Reducing Depressive Symptoms Among Rural African Americans (REJOICE)
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|ClinicalTrials.gov Identifier: NCT02860741|
Recruitment Status : Recruiting
First Posted : August 9, 2016
Last Update Posted : July 1, 2020
|Condition or disease||Intervention/treatment||Phase|
|Depressive Symptoms||Behavioral: REJOICE Other: Control||Not Applicable|
Rural African Americans are disproportionately exposed to numerous stressors such as poverty, racism, and discrimination that place them at risk for experiencing elevated levels of depressive symptoms. Elevated levels of depressive symptoms can lead to a host of negative outcomes including both the development of and poor management of chronic illnesses (i.e. hypertension, diabetes, etc.), poor social functioning, poor occupational functioning, and development of clinical depression. Though effective treatments for decreasing depressive symptoms exist, rural African Americans often fail to receive adequate and timely care.
African American churches have been identified as potential venues for providing depression education and treatment for rural African Americans. Within the African American rural community, churches represent a key portal through which a large proportion (as much as 85%) of the African American community can be reached. Churches have been used to address physical health outcomes in those communities but few have focused primarily on addressing mental health outcomes.
Through the NIMHD funded project entitled, "Faith Academic Initiatives to Transform Health (FAITH) in the Delta", our partnership, consisting of faith community leaders and UAMS researchers, culturally adapted an evidence-based behavioral activation intervention for use with rural African American churches. This 8-session behavioral activation therapy was adapted to include faith-based themes, Scripture, and other aspects of the rural African American faith culture (e.g. bible studies, use of lay leaders to deliver the intervention). In addition to assessing the effectiveness of our intervention, ascertaining ways to implement this intervention with proper fidelity to maintain clinical outcomes is also critically important to increase the efficiency of translating research into practice. Work towards disseminating evidence-based depression interventions to "real world" settings is particularly salient in addressing depression disparities, whereby rural African Americans bear a disproportionate burden. Thus, this application proposes a Hybrid-2 pragmatic-effectiveness implementation trial that seeks to test the effectiveness of the culturally adapted evidence-based intervention and gather preliminary data on the strategies necessary to support successful implementation of this intervention in rural African American churches.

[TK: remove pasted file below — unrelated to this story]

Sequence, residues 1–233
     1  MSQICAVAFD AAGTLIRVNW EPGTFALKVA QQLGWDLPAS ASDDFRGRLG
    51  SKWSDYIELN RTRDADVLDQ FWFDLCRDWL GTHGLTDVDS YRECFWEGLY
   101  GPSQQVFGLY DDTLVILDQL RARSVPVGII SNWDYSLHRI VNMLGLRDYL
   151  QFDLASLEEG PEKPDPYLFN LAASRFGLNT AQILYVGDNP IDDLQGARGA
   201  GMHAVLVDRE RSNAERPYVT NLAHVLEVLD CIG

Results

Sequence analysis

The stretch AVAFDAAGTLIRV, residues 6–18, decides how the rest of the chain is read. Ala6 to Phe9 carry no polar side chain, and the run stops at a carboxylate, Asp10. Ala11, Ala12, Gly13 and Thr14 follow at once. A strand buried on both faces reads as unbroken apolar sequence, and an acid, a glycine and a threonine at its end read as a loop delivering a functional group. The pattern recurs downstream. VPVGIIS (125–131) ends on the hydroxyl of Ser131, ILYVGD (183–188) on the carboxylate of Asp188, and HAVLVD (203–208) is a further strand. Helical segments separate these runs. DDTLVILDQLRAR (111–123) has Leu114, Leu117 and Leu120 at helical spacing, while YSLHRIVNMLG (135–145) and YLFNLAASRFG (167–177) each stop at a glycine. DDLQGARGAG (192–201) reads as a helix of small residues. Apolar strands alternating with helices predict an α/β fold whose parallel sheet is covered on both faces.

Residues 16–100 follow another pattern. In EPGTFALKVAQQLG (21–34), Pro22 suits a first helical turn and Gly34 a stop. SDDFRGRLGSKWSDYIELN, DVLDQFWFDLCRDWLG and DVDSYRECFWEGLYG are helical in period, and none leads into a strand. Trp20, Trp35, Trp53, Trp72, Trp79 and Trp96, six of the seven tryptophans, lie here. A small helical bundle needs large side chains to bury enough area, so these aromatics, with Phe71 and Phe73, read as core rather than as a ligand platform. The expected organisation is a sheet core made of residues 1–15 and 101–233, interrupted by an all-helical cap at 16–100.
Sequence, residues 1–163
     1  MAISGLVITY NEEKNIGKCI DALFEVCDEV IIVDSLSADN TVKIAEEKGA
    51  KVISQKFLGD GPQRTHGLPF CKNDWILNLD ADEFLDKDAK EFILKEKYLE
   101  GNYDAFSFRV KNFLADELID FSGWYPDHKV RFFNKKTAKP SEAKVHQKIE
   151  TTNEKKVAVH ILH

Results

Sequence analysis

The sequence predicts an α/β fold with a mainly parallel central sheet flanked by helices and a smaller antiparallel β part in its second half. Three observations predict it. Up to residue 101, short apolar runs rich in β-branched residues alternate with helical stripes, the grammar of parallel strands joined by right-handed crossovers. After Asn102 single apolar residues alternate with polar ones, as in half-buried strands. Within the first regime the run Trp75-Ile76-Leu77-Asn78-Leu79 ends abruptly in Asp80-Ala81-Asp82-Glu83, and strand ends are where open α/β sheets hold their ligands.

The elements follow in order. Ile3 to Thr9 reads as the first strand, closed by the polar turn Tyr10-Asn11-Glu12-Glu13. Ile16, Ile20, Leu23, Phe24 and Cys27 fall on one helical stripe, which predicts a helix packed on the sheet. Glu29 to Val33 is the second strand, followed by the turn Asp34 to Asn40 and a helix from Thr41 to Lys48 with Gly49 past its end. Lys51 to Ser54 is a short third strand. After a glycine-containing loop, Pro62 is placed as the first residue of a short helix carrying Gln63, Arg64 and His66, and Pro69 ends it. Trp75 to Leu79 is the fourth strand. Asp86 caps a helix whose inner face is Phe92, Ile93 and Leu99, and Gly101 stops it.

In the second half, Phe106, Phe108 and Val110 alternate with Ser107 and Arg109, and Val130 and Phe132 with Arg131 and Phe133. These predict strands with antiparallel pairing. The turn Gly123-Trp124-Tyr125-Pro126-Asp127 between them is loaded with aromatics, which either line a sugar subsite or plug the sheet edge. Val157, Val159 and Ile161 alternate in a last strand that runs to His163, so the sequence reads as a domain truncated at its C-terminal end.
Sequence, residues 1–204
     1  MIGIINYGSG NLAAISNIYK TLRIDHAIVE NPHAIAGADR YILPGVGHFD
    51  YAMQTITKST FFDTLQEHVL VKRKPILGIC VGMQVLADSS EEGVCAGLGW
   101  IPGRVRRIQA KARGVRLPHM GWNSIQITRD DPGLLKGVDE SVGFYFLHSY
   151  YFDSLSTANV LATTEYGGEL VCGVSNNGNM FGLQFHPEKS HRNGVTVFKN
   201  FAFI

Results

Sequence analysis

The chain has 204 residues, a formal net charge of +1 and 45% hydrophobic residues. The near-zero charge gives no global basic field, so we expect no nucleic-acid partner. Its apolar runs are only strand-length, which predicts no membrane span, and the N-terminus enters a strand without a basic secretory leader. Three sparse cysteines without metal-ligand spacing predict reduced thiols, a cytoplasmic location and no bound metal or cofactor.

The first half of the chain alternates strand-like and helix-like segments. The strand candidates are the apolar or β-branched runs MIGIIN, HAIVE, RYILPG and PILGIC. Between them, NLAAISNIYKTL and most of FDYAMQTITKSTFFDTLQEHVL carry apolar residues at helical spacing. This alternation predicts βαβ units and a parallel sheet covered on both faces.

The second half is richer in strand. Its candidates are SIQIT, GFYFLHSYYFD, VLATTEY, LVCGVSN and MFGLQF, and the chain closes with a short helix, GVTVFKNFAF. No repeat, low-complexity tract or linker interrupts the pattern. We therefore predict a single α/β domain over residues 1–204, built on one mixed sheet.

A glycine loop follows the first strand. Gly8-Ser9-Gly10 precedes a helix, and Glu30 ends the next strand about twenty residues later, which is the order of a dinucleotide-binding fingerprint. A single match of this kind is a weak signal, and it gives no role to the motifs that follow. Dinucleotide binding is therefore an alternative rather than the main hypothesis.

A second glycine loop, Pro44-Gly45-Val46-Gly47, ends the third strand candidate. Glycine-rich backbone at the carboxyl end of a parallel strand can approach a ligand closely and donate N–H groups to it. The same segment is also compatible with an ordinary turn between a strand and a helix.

Specifically, this study aims to: 1) Refine a culturally appropriate, evidence-based depression intervention (REJOICE) based on results from our NIMHD-funded pilot study, 2) Determine whether REJOICE is superior to a usual-care control group at post treatment and a 3-month follow-up, 3) Collect pilot data regarding "real world" implementation strategies (i.e. face to face training and coaching calls) on the uptake and maintenance of REJOICE in rural African American churches.
|Study Type :||Interventional (Clinical Trial)|
|Estimated Enrollment :||360 participants|
|Intervention Model:||Crossover Assignment|
|Masking:||Single (Outcomes Assessor)|
|Primary Purpose:||Health Services Research|
|Official Title:||Reducing Depressive Symptoms Among Rural African Americans|
|Study Start Date :||May 2016|
|Estimated Primary Completion Date :||April 2021|
|Estimated Study Completion Date :||April 2021|
Churches in the REJOICE intervention arm will provide the REJOICE intervention over an 8 week period
Small groups led by lay leaders undergo an 8-session faith-based behavioral activation protocol that provides individuals with education about: identifying depressive symptoms, identifying pleasurable activities, scheduling pleasurable activities, and identifying and addressing avoidant behaviors that act as barriers to completing pleasurable activities
Churches in the control arm will receive an educational materials about both identifying depressive symptoms and managing depressive symptoms. This is consistent with self-management interventions commonly utilized for individuals experiencing subclinical levels of depressive symptoms.
Churches in the control arm will receive an educational materials about identifying depressive symptoms and self-management options for addressing depressive symptoms.
Other Name: Usual Care
- Depressive Symptoms - Beck Depression Inventory (BDI-II) [ Time Frame: Immediately upon completion of 8 week intervention ]The primary outcome of interest is evaluating differences in BDI-II scores among those individuals in the REJOICE cohort compared to those randomized into the control group during the T1 phase.
To learn more about this study, you or your doctor may contact the study research staff using the contact information provided by the sponsor.
Please refer to this study by its ClinicalTrials.gov identifier (NCT number): NCT02860741
|Contact: Ellen M Hutchins, MPHfirstname.lastname@example.org|
|Contact: Tiffany F Haynes, PhD||501-526-6613||TFHaynes@uams.edu|
|United States, Arkansas|
|Helena, Arkansas, United States, 72342|
|Greater Christ Temple||Active, not recruiting|
|Little Rock, Arkansas, United States, 72204|
|Evangelist Temple COGIC||Active, not recruiting|
|Little Rock, Arkansas, United States, 72209|
|McGehee, Arkansas, United States|
|Principal Investigator:||Tiffany F Haynes, PhD||Assistant Professor|
|Principal Investigator:||Karen Yeary, PhD||Associate Professor|